Entries Tagged as Camacho
When it first came out, the Camacho Corojo was one of the strongest cigars on the market. The Camacho Corojo today is still up there in terms of strength, but others have surpassed it going further. (An example is Aging Room’s Bin #1.) But starting next month, Camacho is going back to its roots, trumpeting the Corojo as “The Original Bold Smoke”. A part of the re-launch the company is adding two new sizes to the Corojo line…A Corojo Gordo at 6” x 60 and a Corojo Robusto Tubo. They will be shipping soon. The Corojo originally came out in 2000. The first addition to the line was the Diploma that initially was only available to retailers who made the trip down to Camp Camacho. Since then Camacho added the lighter Connecticut, the Criollo, the Triple Maduro, the Ecuador and more recently the Double Shock and the Blackout.
But the Corojo was always the workhorse of the line. Corojo was originally developed in Cuba in the 30s and 40s and was so named because this hybrid was grown on the El Corojo farm. Corojo is a hybrid of Criollo and Sumatran and became a very much in demand wrapper for Cuban cigars. According to the Camacho release:
Since its development and through the Cuban revolution, the famed Corojo seed thrived and continued to gain global notoriety. It was until 1978, when a widespread devastation of blue mold hit the island, that the story of Original Corojo and tobacco in Cuba begins to take a different course. After the attack of ’78 – ‘79, the Estacion Experimental del Tabaco (San Juan y Martinez) begins to develop disease resistant hybrids, 208 new strains to be exact. However, only two made the cut and are known today as Havana 92 and Havana 2000. With new hybrids in hand, Cuba bid farewell to the famed seed and in 1996 the last crop of Original Corojo touches Cuban soil.
Julio Eiroa and his son Christian (the family that developed the Camacho Corojo) got some of the original seeds and began growing it in the Jamastran Valley of Honduras. Today Camacho is owned by Davidoff, but still uses that Corojo tobacco.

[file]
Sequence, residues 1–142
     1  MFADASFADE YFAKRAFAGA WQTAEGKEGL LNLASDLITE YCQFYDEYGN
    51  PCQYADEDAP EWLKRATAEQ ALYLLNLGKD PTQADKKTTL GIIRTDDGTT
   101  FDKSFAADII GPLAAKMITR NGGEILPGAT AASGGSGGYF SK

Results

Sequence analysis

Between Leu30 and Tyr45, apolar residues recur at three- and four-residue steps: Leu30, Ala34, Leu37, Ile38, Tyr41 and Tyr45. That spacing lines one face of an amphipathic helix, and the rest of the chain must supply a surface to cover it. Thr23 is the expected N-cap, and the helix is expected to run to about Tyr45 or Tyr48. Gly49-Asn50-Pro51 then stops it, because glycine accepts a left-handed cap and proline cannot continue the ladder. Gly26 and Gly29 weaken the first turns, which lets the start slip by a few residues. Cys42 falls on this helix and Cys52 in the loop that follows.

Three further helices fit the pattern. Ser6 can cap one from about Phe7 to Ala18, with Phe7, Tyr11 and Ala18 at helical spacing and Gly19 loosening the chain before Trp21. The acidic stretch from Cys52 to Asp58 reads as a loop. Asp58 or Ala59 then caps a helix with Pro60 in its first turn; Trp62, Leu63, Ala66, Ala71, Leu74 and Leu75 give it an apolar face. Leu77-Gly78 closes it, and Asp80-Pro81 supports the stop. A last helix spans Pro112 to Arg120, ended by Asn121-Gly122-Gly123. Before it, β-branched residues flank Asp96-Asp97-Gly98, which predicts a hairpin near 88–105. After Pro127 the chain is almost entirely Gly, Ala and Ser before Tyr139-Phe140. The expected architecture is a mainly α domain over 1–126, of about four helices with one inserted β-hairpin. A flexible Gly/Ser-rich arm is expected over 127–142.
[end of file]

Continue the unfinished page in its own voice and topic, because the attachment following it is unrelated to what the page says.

The new Corojos will retail for $8.50 for the Gordo and $7.25 for the Tubo. Also Camacho is running a special starting next week…buy a box and get a four pack of the Corojo Robusto free.
Camacho · new cigars
One of the newer things at the Davidoff booth was the recently released Camacho Ecuador. The cigar with the blue band and box actually came out just before the show, but it was prominently featured at the booth. The new Camacho uses a Habano seed grown in Ecuador for its wrapper with a Brazilian Mata Fina binder and high priming Honduran tobaccos along with Pelo de Oro ligero from the Dominican Republic for fillers. It comes in 5 sizes from a 5” x 50 Robusto to a 6” 60 Gordo and prices start just under $7.
Davidoff also continued the Camacho Liberty Series for 2014, which also uses the Habano Ecuadoran wrapper but it is from 2005. This cigar contains a 2006 Corojo binder and fillers from both the Dominican Republic and Nicaragua. It is only one size, 11/18 and comes in 20 count boxes with a total production of only 2,000 boxes. They retail for $17 each.
Another addition to the Camacho line is the Double Shock. The logo for this cigar is the rare double-tailed scorpion. Davidoff says this barber pole type of cigar was made in the Danli factory with tobaccos from 5 different countries. The wrappers are, again, the Ecuadoran Habano but paired with a dark San Andres leaf creating the barber pole effect. The binder is Criollo and the fillers are from the Dominican Republic, Honduras and Pennsylvania. The double shock is limited to 1,000 boxes of each size. They come in three sizes, Toro, Figurado and Gordo and the retail is from $11.50 to $13. They should hit store shelves in October.
Finally, part of the Camacho “Board of the Bold” is Hollywood writer, producer and director Rob Weiss. He is best known for the HBO series Entourage. Weiss now has partnered with Camacho and Davidoff to form the B.G. Meyer Company and has released a couple of cigars. The first line is the Standard Issue, which uses Nicaraguan tobaccos made at AgroIndustrias Laepe S.A. in Danli—the old Camacho and now Davidoff factory. It comes in five sizes, again from the 5” x 50 Robusto to a 6” x 60 Gordo. Prices are from $8-10. The second cigar is called Slackers which is a smaller stick being sold in 4 packs. Whereas the Standard Issue is medium to full, Slackers is more on the mild side with an Ecuadoran Connecticut wrapper, Dominican binder and fillers. Cost will be about $4 each.
Camacho · Davidoff · IPCPR · new cigars